Geography, Open Innovation and Entrepreneurship
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Geography, Open Innovation and Entrepreneurship

Edited by Urban Gråsjö, Charlie Karlsson and Iréne Bernhard

Developed countries must be incredibly innovative to secure incomes and welfare so that they may successfully compete against international rivals. This book focuses on two specific but interrelated aspects of innovation by incumbent firms and entrepreneurs, the role of geography and of open innovation.
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Chapter 5: The influence of the NIH and NSH syndromes on the adoption of open innovation in the Canadian aerospace sector

Fabiano Armellini, Catherine Beaudry and Maria Mahon

Abstract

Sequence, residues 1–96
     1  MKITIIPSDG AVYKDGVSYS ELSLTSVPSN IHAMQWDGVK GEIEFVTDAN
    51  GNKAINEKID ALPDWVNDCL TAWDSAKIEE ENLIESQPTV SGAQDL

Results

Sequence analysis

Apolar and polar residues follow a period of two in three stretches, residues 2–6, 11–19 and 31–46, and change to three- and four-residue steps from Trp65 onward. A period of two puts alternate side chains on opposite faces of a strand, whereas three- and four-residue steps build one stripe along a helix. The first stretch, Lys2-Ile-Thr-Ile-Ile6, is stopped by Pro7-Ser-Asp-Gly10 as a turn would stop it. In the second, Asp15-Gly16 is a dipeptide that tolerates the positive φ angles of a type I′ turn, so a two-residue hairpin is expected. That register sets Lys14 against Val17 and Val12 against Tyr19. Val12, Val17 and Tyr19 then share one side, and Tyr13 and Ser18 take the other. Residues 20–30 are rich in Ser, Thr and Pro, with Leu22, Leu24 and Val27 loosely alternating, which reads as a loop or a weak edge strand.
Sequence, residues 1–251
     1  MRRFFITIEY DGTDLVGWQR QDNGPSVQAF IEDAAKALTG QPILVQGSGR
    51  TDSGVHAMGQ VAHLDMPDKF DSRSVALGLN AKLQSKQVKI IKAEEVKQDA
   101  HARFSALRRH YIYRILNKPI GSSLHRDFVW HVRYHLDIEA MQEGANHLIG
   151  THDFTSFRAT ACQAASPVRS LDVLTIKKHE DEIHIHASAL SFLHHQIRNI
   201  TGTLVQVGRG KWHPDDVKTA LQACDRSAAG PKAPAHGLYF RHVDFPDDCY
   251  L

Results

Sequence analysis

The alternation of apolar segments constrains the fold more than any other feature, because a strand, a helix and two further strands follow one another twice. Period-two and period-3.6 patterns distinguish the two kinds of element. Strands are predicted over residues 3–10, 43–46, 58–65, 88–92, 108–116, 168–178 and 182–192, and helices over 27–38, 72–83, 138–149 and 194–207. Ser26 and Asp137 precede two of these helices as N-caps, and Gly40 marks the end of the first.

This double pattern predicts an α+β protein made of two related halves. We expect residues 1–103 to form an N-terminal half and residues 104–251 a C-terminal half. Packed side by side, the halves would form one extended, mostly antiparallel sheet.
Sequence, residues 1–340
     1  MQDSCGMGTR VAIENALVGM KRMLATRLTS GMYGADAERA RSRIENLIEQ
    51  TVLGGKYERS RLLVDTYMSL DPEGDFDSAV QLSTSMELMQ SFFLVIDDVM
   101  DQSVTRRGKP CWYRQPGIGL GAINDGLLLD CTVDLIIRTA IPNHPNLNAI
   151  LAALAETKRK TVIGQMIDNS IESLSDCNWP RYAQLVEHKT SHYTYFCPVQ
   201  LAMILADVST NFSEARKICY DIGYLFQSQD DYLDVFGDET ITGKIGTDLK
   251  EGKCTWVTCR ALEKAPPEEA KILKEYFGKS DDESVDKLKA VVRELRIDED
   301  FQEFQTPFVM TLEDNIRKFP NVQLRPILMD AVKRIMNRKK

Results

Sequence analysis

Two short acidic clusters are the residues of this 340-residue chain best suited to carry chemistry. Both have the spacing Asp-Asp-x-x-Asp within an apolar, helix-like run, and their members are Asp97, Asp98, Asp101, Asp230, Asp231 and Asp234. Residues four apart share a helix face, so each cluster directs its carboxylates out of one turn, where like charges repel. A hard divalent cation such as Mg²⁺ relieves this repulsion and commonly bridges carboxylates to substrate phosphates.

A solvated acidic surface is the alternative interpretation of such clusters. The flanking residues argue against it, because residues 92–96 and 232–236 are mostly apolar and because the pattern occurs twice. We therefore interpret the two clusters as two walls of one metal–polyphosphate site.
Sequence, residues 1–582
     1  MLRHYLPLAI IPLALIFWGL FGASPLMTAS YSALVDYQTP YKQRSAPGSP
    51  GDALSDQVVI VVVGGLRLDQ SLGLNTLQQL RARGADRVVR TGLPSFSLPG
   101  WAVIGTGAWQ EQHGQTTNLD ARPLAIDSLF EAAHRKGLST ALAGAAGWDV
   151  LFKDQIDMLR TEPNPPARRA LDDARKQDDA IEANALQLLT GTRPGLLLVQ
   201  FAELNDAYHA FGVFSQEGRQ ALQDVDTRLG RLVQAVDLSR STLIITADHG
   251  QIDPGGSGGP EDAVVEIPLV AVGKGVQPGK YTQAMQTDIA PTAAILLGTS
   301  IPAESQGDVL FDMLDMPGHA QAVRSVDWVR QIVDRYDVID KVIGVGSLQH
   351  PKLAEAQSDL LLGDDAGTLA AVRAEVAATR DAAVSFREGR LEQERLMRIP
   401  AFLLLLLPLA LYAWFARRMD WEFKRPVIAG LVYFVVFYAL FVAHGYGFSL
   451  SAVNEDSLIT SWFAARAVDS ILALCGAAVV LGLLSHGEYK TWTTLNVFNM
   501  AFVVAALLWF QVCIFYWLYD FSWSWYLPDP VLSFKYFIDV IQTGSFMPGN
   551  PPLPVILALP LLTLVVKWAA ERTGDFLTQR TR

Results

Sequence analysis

Early publications on open innovation identified two syndromes that would prevent companies from adequately adopting open innovation, the NIH (not-invented-here) syndrome, related to the unwillingness to use external knowledge, and the NSH (not-sold-here) syndrome, connected to a negative attitude towards the external commercialization of knowledge assets. Despite these early definitions, current research on the topic has been mostly focused on the absorptive capacity perspective, and less attention has been given to other relevant factors, culture being among them. This chapter addresses this issue, by proposing a regression model that correlates the presence of these syndromes with open innovation organization and the practice of inbound and outbound open innovation. Some of the hypotheses in this model are confirmed, mostly on the side of inbound open innovation, when tested with data from a questionnaire-based survey on the extent of the use of open innovation practices and open business modes in the Canadian aerospace industry.

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